The African supporters of the resolution that spoke were Algeria (Non-Aligned Movement, Group of 77, Group of African States [8] and Organization of Islamic Cooperation [9]); Angola; Kenya (Group of 77, Non-Aligned Movement and African Group); Malawi (African Group); South Africa (Group of 77, Non-Aligned Movement and African Group); Sudan (Group of 77, Non-Aligned Movement and Organization of Islamic Cooperation); United Republic of Tanzania; Zambia (Non-Aligned Movement) and Zimbabwe (Non-Aligned Movement, Group of 77 and African Group).

From Asia and the Pacific were Belarus; China (Group of 77); Democratic People’s Republic of Korea (North Korea); Indonesia (Group of 77);  India (Group of 77 and Non-Aligned Movement); Iran (Non-Aligned Movement); Lao People’s Democratic Republic; Myanmar (Group of 77 and Non-Aligned Movement); Russian Federation; Solomon Islands; and Viet Nam (Non-Aligned Movement, Group of 77 and China).

Middle Eastern countries speaking in favor of the resolution were Egypt, Saudi Arabia (Organization of Islamic Cooperation); and Syria (Non-Aligned Movement, Group of 77 and China).

The sole European supporter of the resolution that spoke at the session was Italy (European Union [10]), which said the U.S.’ “extraterritorial legislation and unilateral administrative and judicial measures were negatively affecting European Union interests”).

U.S. Statement Opposing the Resolution

Although Israel voted against the resolution, it chose not to speak in support of its vote. Only the U.S. by Ambassador Ronald D. Godard, U.S. Senior Advisor for Western Hemisphere Affairs, tried to justify the negative vote.

Ronald D. Godard
Ronald D. Godard

Ambassador Godard said the U.S. “conducts its economic relationships with other countries in accordance with its national interests and its principles. Our sanctions toward Cuba are part of our overall effort to help the Cuban people freely exercise their human rights and fundamental freedoms, and determine their own future, consistent with the Universal Declaration of Human Rights and the democratic principles to which the United Nations itself is committed.”

Ambassador Godard also said, “the Cuban government uses this annual resolution in an attempt to shift blame for the island’s economic problems away from its own policy failures. The Cuban government now publicly recognizes that its economic woes are caused by the economic policies it has pursued for the last, past half-century. We note and welcome recent changes that reflect this acknowledgement, such as those that allow greater self-employment and liberalization of the real estate market. But the Cuban economy will not thrive until the Cuban government permits a free and fair labor market, fully empowers Cuban independent entrepreneurs, respects intellectual property rights, allows unfettered access to information via the Internet, opens its state monopolies to private competition and adopts the sound macro-economic policies that have contributed to the success of Cuba’s neighbors in Latin America.”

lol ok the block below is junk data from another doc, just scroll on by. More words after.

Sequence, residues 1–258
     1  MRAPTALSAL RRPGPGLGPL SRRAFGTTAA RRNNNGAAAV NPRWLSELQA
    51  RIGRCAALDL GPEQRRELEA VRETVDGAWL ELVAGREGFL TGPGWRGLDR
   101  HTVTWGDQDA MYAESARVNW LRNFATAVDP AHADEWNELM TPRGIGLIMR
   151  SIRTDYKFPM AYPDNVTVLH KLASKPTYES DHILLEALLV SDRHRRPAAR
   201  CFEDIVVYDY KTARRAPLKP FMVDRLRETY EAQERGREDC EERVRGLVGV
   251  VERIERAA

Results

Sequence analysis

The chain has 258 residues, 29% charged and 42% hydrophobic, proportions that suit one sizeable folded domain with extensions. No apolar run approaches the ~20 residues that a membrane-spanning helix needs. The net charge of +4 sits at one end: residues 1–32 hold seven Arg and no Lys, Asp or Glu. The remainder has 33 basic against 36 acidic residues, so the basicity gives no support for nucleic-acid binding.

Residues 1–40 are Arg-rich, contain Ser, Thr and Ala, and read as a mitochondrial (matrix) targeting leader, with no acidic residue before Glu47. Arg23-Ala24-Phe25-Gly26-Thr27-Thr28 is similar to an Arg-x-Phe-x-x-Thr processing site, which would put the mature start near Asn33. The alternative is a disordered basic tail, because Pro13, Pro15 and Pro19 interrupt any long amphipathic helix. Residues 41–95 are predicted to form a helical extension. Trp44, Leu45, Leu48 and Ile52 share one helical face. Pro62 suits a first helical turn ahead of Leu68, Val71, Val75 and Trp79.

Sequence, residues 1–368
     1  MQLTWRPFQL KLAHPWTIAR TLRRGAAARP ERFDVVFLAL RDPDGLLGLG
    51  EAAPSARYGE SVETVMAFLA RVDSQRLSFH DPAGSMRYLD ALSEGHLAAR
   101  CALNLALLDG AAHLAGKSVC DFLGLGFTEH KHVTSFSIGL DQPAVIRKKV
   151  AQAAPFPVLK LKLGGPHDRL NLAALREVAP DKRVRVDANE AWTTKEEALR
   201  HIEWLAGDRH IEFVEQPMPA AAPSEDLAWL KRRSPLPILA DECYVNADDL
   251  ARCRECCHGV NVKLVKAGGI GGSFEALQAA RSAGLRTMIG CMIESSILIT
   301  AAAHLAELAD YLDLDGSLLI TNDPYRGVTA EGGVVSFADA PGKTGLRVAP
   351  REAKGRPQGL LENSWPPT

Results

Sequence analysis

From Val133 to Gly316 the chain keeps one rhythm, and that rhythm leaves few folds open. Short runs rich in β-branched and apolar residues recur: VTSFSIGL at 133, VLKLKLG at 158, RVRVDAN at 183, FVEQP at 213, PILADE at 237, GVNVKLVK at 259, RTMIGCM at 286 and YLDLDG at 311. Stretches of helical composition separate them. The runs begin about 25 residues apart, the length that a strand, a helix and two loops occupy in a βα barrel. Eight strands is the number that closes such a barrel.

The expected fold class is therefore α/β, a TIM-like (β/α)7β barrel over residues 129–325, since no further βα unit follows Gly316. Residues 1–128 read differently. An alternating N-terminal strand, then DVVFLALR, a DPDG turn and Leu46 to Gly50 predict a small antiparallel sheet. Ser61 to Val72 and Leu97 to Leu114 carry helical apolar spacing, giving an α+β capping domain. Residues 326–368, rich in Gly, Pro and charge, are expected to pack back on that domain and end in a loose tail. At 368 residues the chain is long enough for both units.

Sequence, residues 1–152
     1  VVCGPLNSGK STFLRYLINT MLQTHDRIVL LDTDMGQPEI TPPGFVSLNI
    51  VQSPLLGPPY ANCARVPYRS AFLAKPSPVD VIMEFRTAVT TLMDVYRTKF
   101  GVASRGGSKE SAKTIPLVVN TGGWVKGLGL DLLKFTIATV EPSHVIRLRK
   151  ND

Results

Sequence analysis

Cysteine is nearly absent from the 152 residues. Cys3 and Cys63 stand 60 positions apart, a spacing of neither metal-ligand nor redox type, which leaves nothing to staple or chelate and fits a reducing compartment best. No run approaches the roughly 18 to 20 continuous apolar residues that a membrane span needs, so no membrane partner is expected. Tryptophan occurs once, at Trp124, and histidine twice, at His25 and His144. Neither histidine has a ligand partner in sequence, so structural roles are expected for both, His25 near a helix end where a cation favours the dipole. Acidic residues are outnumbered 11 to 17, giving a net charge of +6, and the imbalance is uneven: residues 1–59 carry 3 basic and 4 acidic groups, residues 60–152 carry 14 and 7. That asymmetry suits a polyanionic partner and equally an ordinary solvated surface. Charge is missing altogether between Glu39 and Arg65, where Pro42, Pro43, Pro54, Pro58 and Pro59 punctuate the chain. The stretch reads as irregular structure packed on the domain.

According to Ambassador Godard, the U.S. “remains a deep and abiding friend of the Cuban people. The Cuban people continue to receive as much as $2 billion per year in remittances and other private contributions from the [U.S.]. This support . . . was made possible . . . by U.S. policy choices. By the Cuban government’s own account, the [U.S.] is one of Cuba’s principal trading partners. In 2013, the [U.S.] exported approximately $359 million in agricultural products, medical devices, medicine and humanitarian items to Cuba. Far from restricting aid to the Cuban people, we are proud that the people of the [U.S.] and its companies are among the leading providers of humanitarian assistance to Cuba. All of this trade and assistance is conducted in conformity with our sanctions program, which is carefully calibrated to allow and encourage the provision of support to the Cuban people.”